Saturday, February 28, 2009


On the Beach
approx. size 11" x 18"
acrylic on canvas

"PETRA. I am from Norway. I teach kinder!" She had to say it aloud for me to hear her above the din of the dance music and the drunken revelry of the 20-something Canadian and British English-language teachers from Taiwan I was hanging out with that night at Hey Jude! bar. Barry, the big black Canadian with the barrel chest was pouring my "nth" shot of tequila and kept on yelling "MABUHAY!" into my ear. It was the first time I've actually sat close to a half-naked black man that I can't help but take note of the tiny swirls of kinky hair clumped on his chest and scalp. It also dawned on me that he's the first black man of (obviously) African descent I've known who didn't have a strong pungent smell. (Compared to the smattering of Africans I have known in my life, this guy actually smells good.)

"I am Dan. I am Filipino," I told Petra and I handed her a glass of tequila that Barry readily poured. "Cheers!" I said as I lifted my glass and took one quick swig.

"Let's dance," she said and she pulled me by the arm taking me to the wooden, sand-filled floorboards in front of the bar that also served as dance floor. There was already a small crowd of shaking, arm-waving, hip swaying dancers moving to a Kylie Minogue song. She led me into the midst of this crowd beside an old white guy with a huge beer belly and his tiny bikini-clad dark-brown Filipina partner who was squid-like in the way she kept on wrapping her arms around him.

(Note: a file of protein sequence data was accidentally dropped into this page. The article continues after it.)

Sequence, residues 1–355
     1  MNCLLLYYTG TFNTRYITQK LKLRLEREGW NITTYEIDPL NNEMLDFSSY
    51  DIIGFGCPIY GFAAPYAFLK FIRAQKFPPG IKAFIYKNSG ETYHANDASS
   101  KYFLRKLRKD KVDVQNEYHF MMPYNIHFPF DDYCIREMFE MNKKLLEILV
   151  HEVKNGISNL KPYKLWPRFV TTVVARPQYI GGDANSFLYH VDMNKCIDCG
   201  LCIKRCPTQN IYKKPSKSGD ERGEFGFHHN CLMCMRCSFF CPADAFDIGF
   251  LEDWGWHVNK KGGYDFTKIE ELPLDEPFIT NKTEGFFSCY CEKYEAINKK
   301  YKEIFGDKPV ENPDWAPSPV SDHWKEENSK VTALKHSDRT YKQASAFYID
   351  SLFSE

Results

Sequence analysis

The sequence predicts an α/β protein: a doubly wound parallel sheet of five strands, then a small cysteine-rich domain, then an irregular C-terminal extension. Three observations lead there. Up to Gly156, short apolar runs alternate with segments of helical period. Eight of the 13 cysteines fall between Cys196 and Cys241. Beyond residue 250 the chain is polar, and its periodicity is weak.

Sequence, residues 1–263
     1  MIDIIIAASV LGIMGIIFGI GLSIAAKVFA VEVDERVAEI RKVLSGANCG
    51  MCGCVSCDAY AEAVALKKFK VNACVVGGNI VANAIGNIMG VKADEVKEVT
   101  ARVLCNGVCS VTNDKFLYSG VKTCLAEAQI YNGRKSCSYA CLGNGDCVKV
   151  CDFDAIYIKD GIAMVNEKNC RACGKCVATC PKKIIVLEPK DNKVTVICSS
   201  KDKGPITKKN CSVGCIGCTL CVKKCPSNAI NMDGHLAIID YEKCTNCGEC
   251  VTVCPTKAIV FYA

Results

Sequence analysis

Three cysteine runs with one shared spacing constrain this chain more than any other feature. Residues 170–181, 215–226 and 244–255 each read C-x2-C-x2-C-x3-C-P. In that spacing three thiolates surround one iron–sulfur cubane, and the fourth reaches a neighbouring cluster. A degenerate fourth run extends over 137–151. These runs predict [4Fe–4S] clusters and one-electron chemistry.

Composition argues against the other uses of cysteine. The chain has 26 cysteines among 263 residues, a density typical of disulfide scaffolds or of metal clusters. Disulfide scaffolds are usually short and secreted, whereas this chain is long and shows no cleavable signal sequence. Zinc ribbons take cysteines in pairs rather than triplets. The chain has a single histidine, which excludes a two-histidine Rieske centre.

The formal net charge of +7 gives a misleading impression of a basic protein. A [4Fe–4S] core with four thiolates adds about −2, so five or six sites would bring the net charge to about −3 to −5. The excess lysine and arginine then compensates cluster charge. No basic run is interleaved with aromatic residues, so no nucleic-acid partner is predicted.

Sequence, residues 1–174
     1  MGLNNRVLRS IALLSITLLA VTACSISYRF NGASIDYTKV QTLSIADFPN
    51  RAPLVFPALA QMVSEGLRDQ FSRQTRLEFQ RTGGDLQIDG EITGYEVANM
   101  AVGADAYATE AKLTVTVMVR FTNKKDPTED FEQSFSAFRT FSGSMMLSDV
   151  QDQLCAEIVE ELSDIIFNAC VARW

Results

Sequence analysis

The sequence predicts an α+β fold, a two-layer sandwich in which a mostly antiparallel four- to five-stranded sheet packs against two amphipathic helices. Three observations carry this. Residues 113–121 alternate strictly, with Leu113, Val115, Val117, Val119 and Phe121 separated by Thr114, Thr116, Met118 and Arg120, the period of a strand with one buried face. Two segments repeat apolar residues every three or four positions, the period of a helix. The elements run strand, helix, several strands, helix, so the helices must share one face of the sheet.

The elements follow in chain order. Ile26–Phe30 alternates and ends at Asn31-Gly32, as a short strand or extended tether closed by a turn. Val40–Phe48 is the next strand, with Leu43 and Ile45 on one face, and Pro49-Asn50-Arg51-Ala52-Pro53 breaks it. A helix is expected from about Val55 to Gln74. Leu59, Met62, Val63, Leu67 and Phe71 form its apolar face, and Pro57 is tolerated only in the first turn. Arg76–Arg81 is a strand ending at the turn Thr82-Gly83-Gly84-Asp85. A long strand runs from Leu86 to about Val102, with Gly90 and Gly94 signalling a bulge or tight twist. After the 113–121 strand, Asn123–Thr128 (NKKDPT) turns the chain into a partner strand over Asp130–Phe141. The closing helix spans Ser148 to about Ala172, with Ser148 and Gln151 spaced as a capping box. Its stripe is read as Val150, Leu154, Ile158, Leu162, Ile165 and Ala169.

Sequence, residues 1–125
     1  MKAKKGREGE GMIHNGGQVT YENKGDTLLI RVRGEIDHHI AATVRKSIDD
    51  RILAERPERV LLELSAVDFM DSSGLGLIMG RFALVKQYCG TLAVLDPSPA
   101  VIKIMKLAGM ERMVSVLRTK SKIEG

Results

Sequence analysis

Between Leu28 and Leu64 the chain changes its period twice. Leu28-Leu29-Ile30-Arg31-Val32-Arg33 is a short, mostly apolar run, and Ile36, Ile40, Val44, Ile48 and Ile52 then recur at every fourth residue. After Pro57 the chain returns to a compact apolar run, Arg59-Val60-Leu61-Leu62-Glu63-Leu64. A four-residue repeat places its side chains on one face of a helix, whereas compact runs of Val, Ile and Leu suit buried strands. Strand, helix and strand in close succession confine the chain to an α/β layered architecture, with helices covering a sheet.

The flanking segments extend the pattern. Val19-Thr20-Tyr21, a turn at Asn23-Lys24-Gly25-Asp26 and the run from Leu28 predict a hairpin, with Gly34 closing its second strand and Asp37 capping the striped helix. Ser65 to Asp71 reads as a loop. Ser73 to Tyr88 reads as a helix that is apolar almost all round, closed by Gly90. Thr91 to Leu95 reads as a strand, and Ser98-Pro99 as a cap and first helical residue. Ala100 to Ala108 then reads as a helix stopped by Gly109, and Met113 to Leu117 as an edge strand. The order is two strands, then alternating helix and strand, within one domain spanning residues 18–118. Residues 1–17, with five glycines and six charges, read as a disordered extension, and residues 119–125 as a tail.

Petra curled her finger, motioned for me to come nearer and placed my hand on her hip as she swayed it lustfully to the rythm of the music. She lifted her arms revealing the smooth curves of her body, the quivering firmness of her chest and the white, silken skin beneath her arms. As the music thumped to a faster pace, Petra screeched in delight and in one smooth, rythmic flow, she tilted her head back letting her long blonde locks fall and sway, and her neck with its long sinuous ivory-like shape glistened with sweat. She was sensual. She was hot. She was sex.

The combination of alcohol, the soothing evening beach weather, gyrating bodies around me, a woman shaking her wild feminine-ness... these drove my blood to near boiling. It curdled to the surface when during a pause in the music, she leaned on me and whispered in my ear, "I like you."

I gulped.

As fast as she took me by the hand and led me to the dance floor; as fast as I got to know her that night; and as fast as the way this evening was going to turn out to be more interesting than sitting beside a black man who kept on pouring tequila into my glass... I was going to get "lucky".

"My place?" she offered. I didn't hesitate to say yes since by now I am sure the guys I share a room with are already snoring in their sleep. "It's just a few steps from here" and I was glad it was. I was already beginning to have difficulty holding it in.